Hiccups aren’t supposed to be scary.

When you’re a child, they’re almost funny. You find yourself making a sound like a small bird. Something inside you ticks like a clock, or a toy that’s been wound up to perform at intervals that are so slightly out of sync as to cause a little suspense. When will it happen again?

After a while you grow weary of the novelty. You hear about all the cures for hiccups that don’t work. You may even try a few. You hold your breath. You jump up and down. You experience what appears to be a hiccupless moment.

And then you hiccup.

Though there are accounts of hiccuping continuing for several days, most of us find that the spasm of the vagas nerve goes away after a while. We soon forget about the discomfort.

A few nights ago I woke up with hiccups and it wasn’t funny. Ever since my heart attacks, I’ve been aware that illness isn’t merely the body misbehaving, or an invasive infection that must be fought. Your body can fail you in ways you cannot predict, no matter how much medical advice you followed.

It’s almost a metaphor for life itself: things fail that you cannot foresee, cannot control, did not plan, are not your fault. They can be as innocuous as hiccups, or as terrifying as a heart attack, when the part of your body you never think about (unless you exercise hard, or fall in love, and even then, sooner or later, you think about something else) stumbles just enough to let you know that you can’t take anything for granted anymore.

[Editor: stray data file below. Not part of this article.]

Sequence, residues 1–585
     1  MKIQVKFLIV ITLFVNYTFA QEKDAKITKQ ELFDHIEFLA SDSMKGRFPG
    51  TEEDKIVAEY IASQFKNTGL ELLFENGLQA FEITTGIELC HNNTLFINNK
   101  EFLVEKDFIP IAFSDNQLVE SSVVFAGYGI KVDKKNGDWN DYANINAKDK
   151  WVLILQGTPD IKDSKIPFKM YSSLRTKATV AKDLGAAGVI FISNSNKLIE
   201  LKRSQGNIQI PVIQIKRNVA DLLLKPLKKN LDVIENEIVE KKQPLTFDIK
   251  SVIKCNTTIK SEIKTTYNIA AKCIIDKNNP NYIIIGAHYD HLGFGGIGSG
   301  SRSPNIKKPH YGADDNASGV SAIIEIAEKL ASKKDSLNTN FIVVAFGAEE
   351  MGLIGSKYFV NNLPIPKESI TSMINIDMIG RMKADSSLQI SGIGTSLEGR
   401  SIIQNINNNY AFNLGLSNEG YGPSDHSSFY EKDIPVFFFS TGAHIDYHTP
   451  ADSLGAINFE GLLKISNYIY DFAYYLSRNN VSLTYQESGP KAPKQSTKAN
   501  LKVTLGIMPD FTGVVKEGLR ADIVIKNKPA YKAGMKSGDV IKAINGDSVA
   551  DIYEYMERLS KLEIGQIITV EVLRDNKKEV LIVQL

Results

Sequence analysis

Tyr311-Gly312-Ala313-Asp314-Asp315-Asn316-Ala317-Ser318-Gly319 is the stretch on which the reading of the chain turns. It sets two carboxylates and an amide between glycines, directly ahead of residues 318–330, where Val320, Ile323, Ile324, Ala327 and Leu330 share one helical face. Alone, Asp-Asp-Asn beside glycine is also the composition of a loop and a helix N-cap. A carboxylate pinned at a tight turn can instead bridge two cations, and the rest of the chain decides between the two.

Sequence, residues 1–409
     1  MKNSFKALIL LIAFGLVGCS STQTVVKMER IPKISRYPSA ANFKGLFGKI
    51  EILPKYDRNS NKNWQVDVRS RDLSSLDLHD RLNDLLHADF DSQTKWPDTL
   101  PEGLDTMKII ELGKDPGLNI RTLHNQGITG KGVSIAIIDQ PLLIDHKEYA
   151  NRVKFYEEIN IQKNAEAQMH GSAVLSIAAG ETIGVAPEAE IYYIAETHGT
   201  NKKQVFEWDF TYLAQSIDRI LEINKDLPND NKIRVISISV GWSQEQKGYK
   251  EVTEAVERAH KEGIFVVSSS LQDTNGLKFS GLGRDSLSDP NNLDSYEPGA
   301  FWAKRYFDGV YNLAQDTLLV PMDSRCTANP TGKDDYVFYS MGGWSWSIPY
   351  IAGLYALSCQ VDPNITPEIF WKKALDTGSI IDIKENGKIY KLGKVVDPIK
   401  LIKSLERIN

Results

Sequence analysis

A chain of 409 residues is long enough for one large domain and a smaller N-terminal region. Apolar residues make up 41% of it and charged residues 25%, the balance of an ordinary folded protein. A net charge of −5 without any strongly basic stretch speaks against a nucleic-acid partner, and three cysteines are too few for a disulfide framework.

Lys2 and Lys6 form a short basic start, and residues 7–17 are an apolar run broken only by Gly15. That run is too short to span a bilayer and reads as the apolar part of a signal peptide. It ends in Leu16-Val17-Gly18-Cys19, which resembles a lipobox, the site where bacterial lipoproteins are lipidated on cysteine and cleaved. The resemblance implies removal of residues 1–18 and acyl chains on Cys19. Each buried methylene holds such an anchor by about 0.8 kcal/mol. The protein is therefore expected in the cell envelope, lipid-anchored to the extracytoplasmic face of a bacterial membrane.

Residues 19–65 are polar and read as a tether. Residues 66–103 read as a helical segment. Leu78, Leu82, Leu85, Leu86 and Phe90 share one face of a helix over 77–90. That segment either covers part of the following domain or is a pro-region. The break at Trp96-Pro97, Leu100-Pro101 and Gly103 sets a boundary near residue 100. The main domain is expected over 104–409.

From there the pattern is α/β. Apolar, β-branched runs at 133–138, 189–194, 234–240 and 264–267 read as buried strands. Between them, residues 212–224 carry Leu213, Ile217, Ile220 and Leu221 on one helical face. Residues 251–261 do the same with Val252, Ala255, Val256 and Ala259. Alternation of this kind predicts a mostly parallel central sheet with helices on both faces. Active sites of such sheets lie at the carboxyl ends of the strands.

If you’re lucky, as I was, you’re close enough to doctors who can fix it. But the fix, like a patch on a tire, won’t change the fact that the tire has worn down to the point that it is vulnerable to what used to be harmless things that it had once rolled over with ease.

When I woke up with the hiccups I was recovering from surgery on my right knee. About half a lifetime ago, when I joined my son in a kids’ karate class, my right knee began to swell and hurt intermittently. The karate teacher suggested I go to a sports medicine clinic, where, after an MRI scan, I learned that a piece of my meniscus–a wafer of cartilage in my knee that insulated and supported the bones that comprised the joint–was floating about. It was unlikely that the pain would go away.

I had the surgery and, a few years later, suffered a similar tear on my left knee. At the time, I was told that this was due to the heavy exercise I did: running, karate, weights in a gym. I’ve since had different explanations as to why the piece was torn away from the cartilage and I’m correcting my behavior so that it doesn’t happen again.

But, about eight months ago, it happened again. As in the previous times, I waited for the pain and swelling to go away by itself. It didn’t.

So now I’m recovering from the surgery and, hiccups aside, it hurts. I know that the swelling and pain will eventually subside, but, until it does, the cure feels as bad as the original sickness. I’m trying not to take too many over-the-counter painkillers.

I no longer look at illness as something that eventually goes away. What involuntarily distresses us, what causes us undeserved pain, what fails without apparent cause or explanation changes how we understand ourselves.

I do not see myself as a victim of what I can’t control. Rather, I have a better understanding of the meaning of sustainability. I am, more than ever, considering what is it that keeps me going reasonably well, holds me together emotionally and spiritually when so much around me seems to be is falling apart, how can I accommodate the inevitable limitations that the years bring and, most important of all, how may I acknowledge that I am not alone, that sustaining life is an interdependence that can be recognized only in hindsight. Like so much of what is truly valuable in life, it begins, and ends, in mystery.

And I am looking forward to the one thing that makes discomforting illnesses, from hiccups  to heart attacks, almost worth while: that wonderful, miraculous feeling you get when realize you’re getting better, you’re coming back, you’re returning to the person you were.




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